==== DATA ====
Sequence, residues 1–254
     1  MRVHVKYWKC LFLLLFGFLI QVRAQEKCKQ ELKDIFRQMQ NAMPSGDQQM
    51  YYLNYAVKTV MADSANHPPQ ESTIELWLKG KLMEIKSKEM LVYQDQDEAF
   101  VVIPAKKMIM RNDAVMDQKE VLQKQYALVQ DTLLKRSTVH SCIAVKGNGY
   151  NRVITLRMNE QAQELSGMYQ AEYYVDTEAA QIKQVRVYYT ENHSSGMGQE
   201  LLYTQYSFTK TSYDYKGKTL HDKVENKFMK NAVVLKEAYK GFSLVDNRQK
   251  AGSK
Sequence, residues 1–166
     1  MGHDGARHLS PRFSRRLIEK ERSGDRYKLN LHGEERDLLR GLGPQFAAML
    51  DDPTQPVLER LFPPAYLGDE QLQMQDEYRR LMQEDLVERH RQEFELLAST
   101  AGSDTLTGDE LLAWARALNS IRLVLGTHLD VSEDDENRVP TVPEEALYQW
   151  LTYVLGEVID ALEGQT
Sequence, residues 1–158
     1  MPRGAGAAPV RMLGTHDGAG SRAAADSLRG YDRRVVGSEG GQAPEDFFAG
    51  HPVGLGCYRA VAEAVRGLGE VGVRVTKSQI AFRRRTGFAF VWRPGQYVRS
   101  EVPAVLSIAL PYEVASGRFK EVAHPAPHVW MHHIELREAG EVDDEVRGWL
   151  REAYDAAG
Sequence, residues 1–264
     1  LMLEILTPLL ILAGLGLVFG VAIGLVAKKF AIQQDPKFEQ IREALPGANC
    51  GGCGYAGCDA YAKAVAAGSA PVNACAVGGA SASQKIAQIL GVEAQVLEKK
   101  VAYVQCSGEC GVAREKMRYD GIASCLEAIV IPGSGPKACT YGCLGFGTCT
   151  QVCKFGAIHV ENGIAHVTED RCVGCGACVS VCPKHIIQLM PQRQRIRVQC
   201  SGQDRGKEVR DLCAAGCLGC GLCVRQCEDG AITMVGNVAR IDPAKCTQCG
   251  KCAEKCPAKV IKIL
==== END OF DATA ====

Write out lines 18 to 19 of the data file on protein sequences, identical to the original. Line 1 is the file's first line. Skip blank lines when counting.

Sequence, residues 1–264
     1  LMLEILTPLL ILAGLGLVFG VAIGLVAKKF AIQQDPKFEQ IREALPGANC